The Grape Migration to South America

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In South America you can drink wine made from vines planted over 500 years ago, sold on the cheap and by the jug. Known as Pais, or Mission Wine, these grapes were brought over and planted by Spanish monks to be used in altar services. We can only assume that the wine was as bad then as it is now.

It wasn’t until the 1800′s that South American winemakers began to look for new – and much better – grapes. Naturally, they turned to France and Italy. Good ol’ Chardonnay is now being grown in the foothills of the Andes and Sauvignon Blanc has taken nicely to Chile’s cool coast.

Roughly three-quarters of the world’s Malbec (a French grape) is now grown in Argentina. Same goes for Chile’s Carménère, which for years was thought to be Merlot until scientists tested the vines’ DNA. These grapes have come to define the South American wine industry, and they’re not even from there.

One reason for this is that South America doesn’t have a ton of native grapes that are palatable – but they do have a climate to grow ones that are. Another reason is the largest tragedy in wine history: Phylloxera.

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In the mid-1800′s, just after European grapes began arriving in South America, Europe was hit with the Great French Wine Blight. Almost half of all French vines were destroyed by the tiny Phylloxera aphid, as well as many vineyards in other parts of the continent.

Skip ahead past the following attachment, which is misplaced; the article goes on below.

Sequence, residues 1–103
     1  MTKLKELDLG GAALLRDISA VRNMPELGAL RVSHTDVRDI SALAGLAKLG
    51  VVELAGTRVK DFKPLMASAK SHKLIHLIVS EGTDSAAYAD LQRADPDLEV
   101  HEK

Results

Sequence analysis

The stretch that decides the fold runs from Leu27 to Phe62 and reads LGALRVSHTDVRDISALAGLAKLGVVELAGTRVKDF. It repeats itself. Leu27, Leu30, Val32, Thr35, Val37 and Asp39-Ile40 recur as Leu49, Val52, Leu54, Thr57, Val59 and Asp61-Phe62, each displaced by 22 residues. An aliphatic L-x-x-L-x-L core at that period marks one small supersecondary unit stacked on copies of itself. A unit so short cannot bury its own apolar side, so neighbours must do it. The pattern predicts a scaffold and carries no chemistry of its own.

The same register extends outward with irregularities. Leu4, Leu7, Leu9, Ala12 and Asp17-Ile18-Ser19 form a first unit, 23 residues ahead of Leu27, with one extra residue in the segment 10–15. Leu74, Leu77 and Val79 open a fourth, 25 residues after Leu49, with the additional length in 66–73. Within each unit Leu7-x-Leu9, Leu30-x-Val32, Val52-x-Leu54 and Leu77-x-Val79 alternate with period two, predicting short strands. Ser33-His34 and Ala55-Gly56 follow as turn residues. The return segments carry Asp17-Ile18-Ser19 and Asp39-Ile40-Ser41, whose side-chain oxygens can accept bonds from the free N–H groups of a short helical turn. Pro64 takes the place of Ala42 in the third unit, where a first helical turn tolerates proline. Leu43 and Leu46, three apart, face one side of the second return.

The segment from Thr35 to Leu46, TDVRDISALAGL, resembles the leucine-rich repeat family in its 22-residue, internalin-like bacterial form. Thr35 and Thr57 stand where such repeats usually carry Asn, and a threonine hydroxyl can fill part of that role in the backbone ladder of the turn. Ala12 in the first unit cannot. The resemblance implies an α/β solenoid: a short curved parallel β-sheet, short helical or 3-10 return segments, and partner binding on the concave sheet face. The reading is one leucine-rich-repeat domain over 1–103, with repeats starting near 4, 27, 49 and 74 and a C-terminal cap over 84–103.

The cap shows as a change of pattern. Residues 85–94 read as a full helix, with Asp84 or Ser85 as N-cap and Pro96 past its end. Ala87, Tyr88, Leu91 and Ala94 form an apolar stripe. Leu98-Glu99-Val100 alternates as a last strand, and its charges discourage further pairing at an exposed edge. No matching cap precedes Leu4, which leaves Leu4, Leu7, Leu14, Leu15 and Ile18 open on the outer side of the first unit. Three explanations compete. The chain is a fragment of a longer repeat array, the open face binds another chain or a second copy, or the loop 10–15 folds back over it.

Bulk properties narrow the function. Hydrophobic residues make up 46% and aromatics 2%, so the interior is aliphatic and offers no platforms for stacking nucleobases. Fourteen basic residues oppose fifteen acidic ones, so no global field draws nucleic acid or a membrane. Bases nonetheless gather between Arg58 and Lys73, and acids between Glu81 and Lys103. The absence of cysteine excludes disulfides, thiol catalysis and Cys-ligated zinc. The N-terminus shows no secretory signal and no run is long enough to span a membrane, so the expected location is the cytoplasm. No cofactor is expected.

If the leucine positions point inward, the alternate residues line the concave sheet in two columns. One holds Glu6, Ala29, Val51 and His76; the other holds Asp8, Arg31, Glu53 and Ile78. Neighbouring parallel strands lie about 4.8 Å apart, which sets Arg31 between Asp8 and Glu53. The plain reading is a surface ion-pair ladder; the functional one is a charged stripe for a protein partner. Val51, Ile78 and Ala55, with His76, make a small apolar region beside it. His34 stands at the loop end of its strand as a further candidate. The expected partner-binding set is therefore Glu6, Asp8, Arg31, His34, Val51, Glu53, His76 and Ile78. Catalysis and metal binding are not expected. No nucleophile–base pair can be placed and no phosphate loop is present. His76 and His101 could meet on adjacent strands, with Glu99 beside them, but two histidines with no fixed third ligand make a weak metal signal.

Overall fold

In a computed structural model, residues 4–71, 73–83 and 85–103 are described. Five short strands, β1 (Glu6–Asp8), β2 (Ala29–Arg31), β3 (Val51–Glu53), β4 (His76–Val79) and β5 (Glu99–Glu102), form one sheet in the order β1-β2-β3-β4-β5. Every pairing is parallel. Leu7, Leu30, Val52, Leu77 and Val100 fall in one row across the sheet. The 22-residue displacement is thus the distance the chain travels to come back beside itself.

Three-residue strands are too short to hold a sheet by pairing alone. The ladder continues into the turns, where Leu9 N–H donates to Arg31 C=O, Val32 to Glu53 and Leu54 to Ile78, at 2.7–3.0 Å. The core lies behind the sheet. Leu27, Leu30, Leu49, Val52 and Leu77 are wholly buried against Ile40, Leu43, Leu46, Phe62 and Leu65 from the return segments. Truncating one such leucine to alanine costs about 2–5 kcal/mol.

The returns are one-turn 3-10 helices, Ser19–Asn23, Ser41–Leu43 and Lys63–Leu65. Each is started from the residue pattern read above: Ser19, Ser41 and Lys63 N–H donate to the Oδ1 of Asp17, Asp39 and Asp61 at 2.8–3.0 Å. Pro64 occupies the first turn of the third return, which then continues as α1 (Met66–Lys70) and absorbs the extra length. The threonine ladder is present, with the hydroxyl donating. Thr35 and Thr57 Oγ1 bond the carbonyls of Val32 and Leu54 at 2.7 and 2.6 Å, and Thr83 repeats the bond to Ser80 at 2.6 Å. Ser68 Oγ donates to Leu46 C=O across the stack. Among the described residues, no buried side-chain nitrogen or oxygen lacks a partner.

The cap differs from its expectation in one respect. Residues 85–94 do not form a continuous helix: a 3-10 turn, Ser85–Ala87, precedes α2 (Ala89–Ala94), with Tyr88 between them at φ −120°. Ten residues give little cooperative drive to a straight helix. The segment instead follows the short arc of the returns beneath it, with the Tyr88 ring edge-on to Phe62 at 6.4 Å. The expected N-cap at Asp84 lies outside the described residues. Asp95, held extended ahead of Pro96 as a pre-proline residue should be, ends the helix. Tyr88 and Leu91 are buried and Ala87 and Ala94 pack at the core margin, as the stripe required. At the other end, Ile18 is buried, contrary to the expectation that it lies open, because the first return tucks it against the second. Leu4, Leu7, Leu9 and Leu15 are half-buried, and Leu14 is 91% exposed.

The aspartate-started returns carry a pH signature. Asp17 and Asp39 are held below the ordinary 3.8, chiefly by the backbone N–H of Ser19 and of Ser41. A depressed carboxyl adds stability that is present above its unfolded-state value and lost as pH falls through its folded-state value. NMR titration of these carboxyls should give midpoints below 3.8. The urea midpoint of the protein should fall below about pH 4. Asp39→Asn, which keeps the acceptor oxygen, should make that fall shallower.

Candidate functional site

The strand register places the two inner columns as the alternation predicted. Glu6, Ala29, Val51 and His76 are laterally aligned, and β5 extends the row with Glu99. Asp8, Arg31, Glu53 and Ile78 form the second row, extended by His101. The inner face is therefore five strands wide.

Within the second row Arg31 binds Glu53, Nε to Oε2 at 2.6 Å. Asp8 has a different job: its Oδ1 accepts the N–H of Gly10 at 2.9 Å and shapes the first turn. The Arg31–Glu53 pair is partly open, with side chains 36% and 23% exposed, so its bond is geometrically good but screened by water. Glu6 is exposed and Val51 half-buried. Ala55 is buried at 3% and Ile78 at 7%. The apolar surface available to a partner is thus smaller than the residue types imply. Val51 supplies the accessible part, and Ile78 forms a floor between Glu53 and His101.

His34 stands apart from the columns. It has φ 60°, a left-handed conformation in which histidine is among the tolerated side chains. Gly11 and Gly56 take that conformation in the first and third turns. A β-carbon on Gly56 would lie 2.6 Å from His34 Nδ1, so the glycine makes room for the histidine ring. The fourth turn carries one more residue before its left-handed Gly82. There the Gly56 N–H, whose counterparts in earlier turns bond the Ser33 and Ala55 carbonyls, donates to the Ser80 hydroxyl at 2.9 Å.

For the next few decades, the French economy and the wine world suffered. The solution, it turned out, was to graft European vines onto Phylloxera-resistant American rootstock, but it took years to fully implement this process. In the meantime, across the ocean, South American grapes flourished free from evil vine-eating pests.

Today, Argentina and Chile come in as the fifth and ninth largest contributors to the 6.8 billion gallons of wine produced worldwide every year. The numbers are certainly there – as is the quality. South American winemakers are beginning to outpace their European predecessors.

 

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